Bans on smoking in places like restaurants, offices and public buildings reduce cases of heart attacks and heart disease, according to a report by a federally commissioned panel of scientists.
The report, issued by the Institute of Medicine, concluded that exposure to secondhand smoke significantly increased the risk of a heart attack among both smokers and nonsmokers. The panel also said it found that a reduction in heart problems began fairly quickly after a smoking ban was instituted and that exposure to low or fleeting levels of secondhand smoke could cause cardiovascular problems.
“Even a small amount of exposure to secondhand smoke can increase blood clotting, constrict blood vessels and can cause a heart attack,” said Dr. Neal L. Benowitz, a professor of medicine, psychiatry and biopharmaceutical sciences at the University of California, San Francisco, and a member of the panel.
“Smoking bans need to be put in place as quickly as possible,” Dr. Benowitz added. “The longer we wait, the more disease we are accepting.”
The report, commissioned by the Centers for Disease Control and Prevention, examined data from 11 studies from communities in Canada, Italy, Scotland and the United States.
The degree of heart attack reduction in those communities varied widely, from 6 percent to 47 percent, but every study showed a decline.
“The evidence is now overwhelming,” said Dr. Richard D. Hurt, director of the nicotine dependence center at the Mayo Clinic, who was not involved in the report.
“Secondhand smoke kills a lot of people,” Dr. Hurt said, “and one of the mechanisms by which it does is through exposure and the effect on the cardiovascular system.”
The committee said that none of the 11 studies were optimal in method or in data collection, making some significant questions unanswerable. Some studies were small, some were conducted over a short time, and only two, in Scotland and in Monroe County, Ind., noted whether heart attack victims were smokers or nonsmokers.
These limitations left the committee unable to determine why reduction rates varied so much. But some members speculated that places like New York State, which had some smoking restrictions in place before instituting more comprehensive bans, would already have been showing improvement, so reductions from bans would be smaller.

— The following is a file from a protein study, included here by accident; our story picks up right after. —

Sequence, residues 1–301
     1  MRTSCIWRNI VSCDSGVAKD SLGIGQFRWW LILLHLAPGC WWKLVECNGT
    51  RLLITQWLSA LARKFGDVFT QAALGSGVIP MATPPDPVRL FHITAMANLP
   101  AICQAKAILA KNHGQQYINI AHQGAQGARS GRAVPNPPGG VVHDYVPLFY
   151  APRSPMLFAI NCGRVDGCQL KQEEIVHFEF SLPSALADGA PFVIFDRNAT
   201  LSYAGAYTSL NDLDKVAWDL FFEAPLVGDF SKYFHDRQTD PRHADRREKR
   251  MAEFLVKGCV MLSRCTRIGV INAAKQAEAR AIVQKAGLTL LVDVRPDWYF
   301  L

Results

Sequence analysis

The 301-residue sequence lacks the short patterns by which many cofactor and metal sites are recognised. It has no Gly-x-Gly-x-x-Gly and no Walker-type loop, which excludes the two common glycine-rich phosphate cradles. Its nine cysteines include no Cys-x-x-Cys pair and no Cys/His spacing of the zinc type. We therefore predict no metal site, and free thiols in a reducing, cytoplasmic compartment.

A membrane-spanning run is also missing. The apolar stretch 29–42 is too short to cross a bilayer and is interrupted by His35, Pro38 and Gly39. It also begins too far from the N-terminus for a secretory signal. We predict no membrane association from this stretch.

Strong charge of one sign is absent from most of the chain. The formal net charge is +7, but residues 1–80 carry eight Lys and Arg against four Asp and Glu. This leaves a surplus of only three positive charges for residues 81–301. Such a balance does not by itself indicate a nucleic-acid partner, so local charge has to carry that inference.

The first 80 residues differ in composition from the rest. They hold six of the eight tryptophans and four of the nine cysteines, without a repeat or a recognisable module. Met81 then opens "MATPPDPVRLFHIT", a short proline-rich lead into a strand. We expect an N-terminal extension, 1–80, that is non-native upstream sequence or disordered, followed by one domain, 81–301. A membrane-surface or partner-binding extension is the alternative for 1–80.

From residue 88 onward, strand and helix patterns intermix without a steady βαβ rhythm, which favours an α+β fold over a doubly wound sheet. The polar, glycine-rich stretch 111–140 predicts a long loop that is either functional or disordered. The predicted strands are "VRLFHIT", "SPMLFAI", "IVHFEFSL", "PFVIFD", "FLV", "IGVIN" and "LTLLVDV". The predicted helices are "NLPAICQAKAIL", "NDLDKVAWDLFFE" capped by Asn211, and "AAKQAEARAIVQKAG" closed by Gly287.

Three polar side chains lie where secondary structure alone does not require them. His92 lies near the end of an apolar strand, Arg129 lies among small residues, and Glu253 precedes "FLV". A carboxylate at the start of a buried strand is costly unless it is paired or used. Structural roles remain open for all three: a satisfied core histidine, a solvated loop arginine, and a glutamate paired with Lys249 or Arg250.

“Evidence was not strong enough to say the degree” to which smoking bans reduce risk or the degree to which “individual lifestyle, community and societal factors can also influence the magnitude” of heart disease reduction, said Dr. Lynn R. Goldman, the panel’s chairwoman, a professor of environmental health sciences at Johns Hopkins University.
Dr. Michael Siegel, professor of community health sciences at Boston University, said that such limitations were significant flaws and that the panel was being “sensationalistic” about the impact of smoking bans.
“Anybody could have told you without any kind of review that smoking bans don’t raise heart attacks,” Dr. Siegel said, but “it could be that they have an exceedingly small effect” and that reductions were “just occurring anyway” because of improvements in treatment of heart disease.
A panel member, Dr. Eric D. Peterson, a cardiologist at Duke, said that even if reduction rates were small, the studies supported bans.
Dr. Goldman said the committee found that “a cause-and-effect relationship exists between heart disease generally and secondhand smoke exposure.”
“It increased the risk of coronary heart disease by about 25 to 30 percent,” she added.
Dr. Siegel said that connection was “unequivocal,” but that a significant risk applied only in people who have severe heart disease. “An otherwise healthy person is not going to walk into a bar for 20 minutes and have a heart attack,” he said.
Seventeen states, Puerto Rico and the District of Columbia ban smoking in bars, restaurants and workplaces, while 14 other states ban smoking in one or two of those types of establishments, according to Americans for Nonsmokers’ Rights, an advocacy group. More than 350 cities and towns have similar bans.
The panel’s report echoes two recent studies which found that one year after smoking bans were put in place, the average rate of heart attacks had dropped by 17 percent, and continued to drop more over time.
David Sutton, a spokesman for Philip Morris U.S.A., said that he could not comment on the institute report until the company had had a chance to review it, but that the company supported smoking bans in public areas.
“Private business owners should have the flexibility” to “cater to smokers and nonsmokers alike,” Mr. Sutton said, but “there are sufficient reasons to warrant measures that regulate smoking in public places, places where people must go.”
Via New York Times